Currency War Between China and Usa and Its Global Impacts on Economy

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Currency war between China and USA and its global impacts on economy.

Currency War:

Currency war, also known as competitive devaluation, is a condition in international affairs where countries compete against each other to achieve a relatively low exchange rate for their own currency. As the price to buy a particular currency falls so too does the real price of exports from the country. Imports become more expensive too, so domestic industry, and thus employment, receives a boost in demand both at home and abroad. However, the price increase in imports can harm citizens' purchasing power. The policy can also trigger retaliatory action by other countries which in turn can lead to a general decline in international trade, harming
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It will occur when the money supply is increased faster than the growth of real output.

• Note: the link between printing money and causing inflation is not straightforward. The money supply does not just depend on the amount the government prints.

• Large National Debt. To finance large national debts, governments often print money and this can cause inflation.
Economic Outlook

If a country's economy is in a slow growth or recessionary phase, the value of their currency depreciates. The value of a country's currency also depreciates if its major economic indicators like retail sales and Gross Domestic Product, or GDP, are declining. A high and/or rising unemployment rate can also depreciate currency value because it indicates an economic slowdown. If a country's economy is in a strong growth period, the value of their currency appreciates.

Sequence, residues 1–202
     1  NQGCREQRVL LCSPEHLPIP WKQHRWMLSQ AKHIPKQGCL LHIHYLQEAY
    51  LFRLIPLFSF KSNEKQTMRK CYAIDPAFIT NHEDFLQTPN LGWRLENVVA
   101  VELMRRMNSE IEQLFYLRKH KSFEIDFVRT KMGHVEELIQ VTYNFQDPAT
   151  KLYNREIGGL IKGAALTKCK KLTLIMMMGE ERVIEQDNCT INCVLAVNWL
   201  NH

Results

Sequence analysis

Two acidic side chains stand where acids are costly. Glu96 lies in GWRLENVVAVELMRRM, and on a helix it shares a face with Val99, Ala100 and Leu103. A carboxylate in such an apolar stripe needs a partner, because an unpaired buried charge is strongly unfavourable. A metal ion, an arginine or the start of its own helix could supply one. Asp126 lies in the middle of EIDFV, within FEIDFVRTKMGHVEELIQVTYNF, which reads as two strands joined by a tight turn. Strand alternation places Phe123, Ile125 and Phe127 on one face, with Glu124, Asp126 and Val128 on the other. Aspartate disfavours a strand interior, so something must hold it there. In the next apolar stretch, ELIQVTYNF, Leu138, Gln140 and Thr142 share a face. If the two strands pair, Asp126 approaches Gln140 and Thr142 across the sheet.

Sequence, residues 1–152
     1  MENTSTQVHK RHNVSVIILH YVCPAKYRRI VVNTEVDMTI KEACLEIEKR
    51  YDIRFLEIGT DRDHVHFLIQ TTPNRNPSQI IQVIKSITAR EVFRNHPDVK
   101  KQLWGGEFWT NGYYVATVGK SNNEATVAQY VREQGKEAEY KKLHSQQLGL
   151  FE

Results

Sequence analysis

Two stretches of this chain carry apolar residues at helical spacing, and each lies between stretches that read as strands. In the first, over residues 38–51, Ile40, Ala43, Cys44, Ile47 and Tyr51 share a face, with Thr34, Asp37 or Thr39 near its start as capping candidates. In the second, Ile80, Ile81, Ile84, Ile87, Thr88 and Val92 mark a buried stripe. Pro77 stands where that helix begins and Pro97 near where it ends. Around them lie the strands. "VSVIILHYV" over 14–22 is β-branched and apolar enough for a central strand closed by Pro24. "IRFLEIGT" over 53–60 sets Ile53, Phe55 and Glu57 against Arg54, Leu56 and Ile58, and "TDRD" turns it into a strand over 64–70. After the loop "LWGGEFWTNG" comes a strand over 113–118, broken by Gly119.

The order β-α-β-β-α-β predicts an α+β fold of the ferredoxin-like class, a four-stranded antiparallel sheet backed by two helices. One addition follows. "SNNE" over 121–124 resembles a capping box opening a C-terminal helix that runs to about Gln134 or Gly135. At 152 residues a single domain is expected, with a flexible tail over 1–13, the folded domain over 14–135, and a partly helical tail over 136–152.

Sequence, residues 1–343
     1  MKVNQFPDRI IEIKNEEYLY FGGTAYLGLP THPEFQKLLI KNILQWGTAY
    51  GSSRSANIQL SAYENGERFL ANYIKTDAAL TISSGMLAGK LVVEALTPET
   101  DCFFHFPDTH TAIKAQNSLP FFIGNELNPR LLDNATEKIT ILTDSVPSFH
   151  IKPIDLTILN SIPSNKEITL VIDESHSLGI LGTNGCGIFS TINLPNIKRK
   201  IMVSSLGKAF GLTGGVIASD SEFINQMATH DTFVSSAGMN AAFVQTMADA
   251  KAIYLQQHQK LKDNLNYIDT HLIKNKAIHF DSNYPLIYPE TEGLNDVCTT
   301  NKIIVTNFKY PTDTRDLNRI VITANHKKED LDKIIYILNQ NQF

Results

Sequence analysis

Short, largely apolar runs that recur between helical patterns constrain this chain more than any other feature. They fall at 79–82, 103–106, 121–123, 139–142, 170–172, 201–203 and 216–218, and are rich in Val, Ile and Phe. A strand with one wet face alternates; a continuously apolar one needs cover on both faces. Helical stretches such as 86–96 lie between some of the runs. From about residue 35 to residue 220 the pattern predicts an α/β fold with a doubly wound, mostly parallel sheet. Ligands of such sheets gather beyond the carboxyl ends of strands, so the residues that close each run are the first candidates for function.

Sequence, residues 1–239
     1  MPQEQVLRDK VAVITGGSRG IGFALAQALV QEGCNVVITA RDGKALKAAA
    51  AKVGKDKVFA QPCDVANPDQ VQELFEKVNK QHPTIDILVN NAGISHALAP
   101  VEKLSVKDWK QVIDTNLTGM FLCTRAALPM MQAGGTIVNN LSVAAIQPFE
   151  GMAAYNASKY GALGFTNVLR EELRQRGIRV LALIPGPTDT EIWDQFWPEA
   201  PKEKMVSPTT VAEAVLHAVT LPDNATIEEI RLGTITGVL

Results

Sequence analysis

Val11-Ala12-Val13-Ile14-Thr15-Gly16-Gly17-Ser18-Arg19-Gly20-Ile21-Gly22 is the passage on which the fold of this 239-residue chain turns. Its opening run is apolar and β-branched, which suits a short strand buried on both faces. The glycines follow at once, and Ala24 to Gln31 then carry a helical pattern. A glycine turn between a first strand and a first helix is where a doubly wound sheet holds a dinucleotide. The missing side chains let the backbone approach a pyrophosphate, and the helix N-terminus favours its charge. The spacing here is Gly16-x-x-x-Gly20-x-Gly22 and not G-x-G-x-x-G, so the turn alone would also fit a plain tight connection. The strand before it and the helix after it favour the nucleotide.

Trade Deficit

A trade deficit occurs when the value of goods a country imports is more than the value of goods it exports. When the trade deficit of a country increases, the value of the domestic currency depreciates against the value of the currency of its trading partners.

The demand for imports should fall as imports become more expensive. However, some imports are essential for production or cannot be made in the country and have an inelastic demand—we end up spending more on these when the exchange rate falls in value. This can cause the balance of payments to worsen in the short run (a
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